When the colored mulch industry first started in the early 1990s, mulch producers were using both liquid and dry coloring systems to manufacture their products. At one point, dry colorant made up roughly 75% of the market. But that has largely changed, and for good reason. Dry colorant poses serious health and safety hazards, which is why ChromaScape stopped selling dry pigment products for mulch colorant altogether. While other colorant suppliers have moved away from dry pigment as well, there are still some out there who rely on selling dry pigment. Whether you’re currently using dry colorant or considering it, here’s a look at the risks and responsibilities associated with dry mulch colorant.
Why is dry mulch colorant unsafe?
Dry mulch coloring systems use a granular or powder-based colorant to add color to wood fiber products. Solid, dry pigment has three primary health and safety hazards that must be controlled:
- Certain colors contain suspected human carcinogens
- Repeat exposure to breathable pigment particles can lead to chronic respiratory illness
- Pigment dust is potentially combustible and explosive
The threat of pollution due to storm water runoff is also higher with dry pigment compared to liquid products, creating additional environmental hazards. While all of these hazards can be controlled and the risks mitigated to some extent, the question becomes: Is it worth it?
Benefits of liquid vs. dry mulch colorant
Despite such significant safety concerns, there’s a reason some mulch producers continue to use dry colorant. Producers of dry pigments will tell you that dry coloring systems use less water and the end products dry faster, saving time and resources. Dry pigment also won’t freeze in cold temperatures.
But that’s where the “advantages” end. The evolution of liquid products has made them far superior in performance, and safer in application and production. Not only that, but the enhancements to liquid colorant have also made them more profitable.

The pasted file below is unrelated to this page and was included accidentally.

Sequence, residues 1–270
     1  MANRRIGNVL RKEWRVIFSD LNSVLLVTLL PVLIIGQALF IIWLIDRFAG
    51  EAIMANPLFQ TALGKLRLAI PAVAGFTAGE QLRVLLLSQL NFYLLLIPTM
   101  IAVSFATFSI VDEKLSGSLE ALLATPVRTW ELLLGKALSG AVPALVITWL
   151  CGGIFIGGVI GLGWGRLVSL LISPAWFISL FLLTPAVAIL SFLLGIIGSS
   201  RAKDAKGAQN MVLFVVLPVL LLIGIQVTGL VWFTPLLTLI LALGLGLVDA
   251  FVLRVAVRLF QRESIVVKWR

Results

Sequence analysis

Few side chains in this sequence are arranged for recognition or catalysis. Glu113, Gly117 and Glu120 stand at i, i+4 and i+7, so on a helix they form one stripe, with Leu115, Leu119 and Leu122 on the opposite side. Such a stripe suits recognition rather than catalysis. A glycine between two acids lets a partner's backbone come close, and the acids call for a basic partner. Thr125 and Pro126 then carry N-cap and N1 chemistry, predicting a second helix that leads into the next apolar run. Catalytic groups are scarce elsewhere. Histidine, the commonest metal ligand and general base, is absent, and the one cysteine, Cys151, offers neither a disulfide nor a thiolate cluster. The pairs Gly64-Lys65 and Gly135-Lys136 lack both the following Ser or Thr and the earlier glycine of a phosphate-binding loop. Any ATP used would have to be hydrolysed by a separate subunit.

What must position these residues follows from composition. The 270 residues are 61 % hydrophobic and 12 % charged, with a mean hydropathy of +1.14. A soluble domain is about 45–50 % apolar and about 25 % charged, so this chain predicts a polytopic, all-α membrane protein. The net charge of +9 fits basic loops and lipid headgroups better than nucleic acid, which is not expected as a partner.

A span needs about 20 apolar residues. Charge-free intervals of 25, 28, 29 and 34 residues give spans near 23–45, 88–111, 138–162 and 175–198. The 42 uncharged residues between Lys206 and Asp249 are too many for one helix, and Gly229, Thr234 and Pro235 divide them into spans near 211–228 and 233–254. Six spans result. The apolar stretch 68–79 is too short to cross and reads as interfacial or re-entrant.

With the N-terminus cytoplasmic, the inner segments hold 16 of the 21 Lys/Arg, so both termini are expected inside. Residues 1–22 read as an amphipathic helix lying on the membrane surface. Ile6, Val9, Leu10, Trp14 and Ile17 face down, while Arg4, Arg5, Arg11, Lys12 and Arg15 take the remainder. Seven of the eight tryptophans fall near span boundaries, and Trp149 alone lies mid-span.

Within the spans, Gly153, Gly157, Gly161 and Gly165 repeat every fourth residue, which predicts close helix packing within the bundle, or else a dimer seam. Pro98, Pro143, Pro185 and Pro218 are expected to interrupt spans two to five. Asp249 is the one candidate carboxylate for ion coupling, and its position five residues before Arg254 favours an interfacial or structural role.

The continued erosion of liquid colorant pricing in the market has eliminated the total per-yard coloring cost benefit that used to be found with dry colorant. Liquid colorants can be used in many application systems at a highly accurate rate. Dry coloring systems have not evolved as much and are crudely applied in a variety of ways, most of which pose a health threat to employees and the community. Each of these application systems require an additional handling step and all must be processed through a grinder at least once, but typically twice. These handling costs far outweigh any savings that might remain on a per-yard application basis.
Because liquid mulch colorant now has a lower initial price point, can be applied more accurately and more safely while maintaining outstanding performance, the benefits of liquid dyes pretty much speak for themselves.
Safety protections for handling dry colorant
If you are going to use dry colorant, there are a number of steps you need to take to ensure that you’re following OSHA requirements and keeping your employees safe during the coloring process. Here are just some of the policies and procedures you’ll need to have in place to ensure personal and environmental safety when handling dry pigment:
- Issue individual respirators to employees (cannot be re-issued)
- Conduct annual respirator training and testing
- Provide a method for cleaning and storing respirators
- Install dust collection systems
- Conduct industrial hygiene monitoring to determine exposure level
- Conduct explosion testing through specialized, independent labs
- Create an explosion prevention plan
- Create a written storm water pollution prevention plan
- Apply for storm water permit and maintain all EPA requirements
Liquid colorant comes with its own set of handling procedures and environmental requirements. But liquid dyes have no potential for respiratory exposure or air emissions. Plus, the risk of storm water contamination is far easier to manage with liquid colorants.
When it comes to the safety of your employees, the health of the environment and your bottom line, liquid mulch colorant is simply the better option.
All companies have choices on how their employees are treated and how they will work to protect their environment and community. ChromaScape has made the calculated decision not to support the use of dry colorants for those reasons. To see the difference premium, liquid colorant can make for your colored mulch business, contact ChromaScape or request a sample today.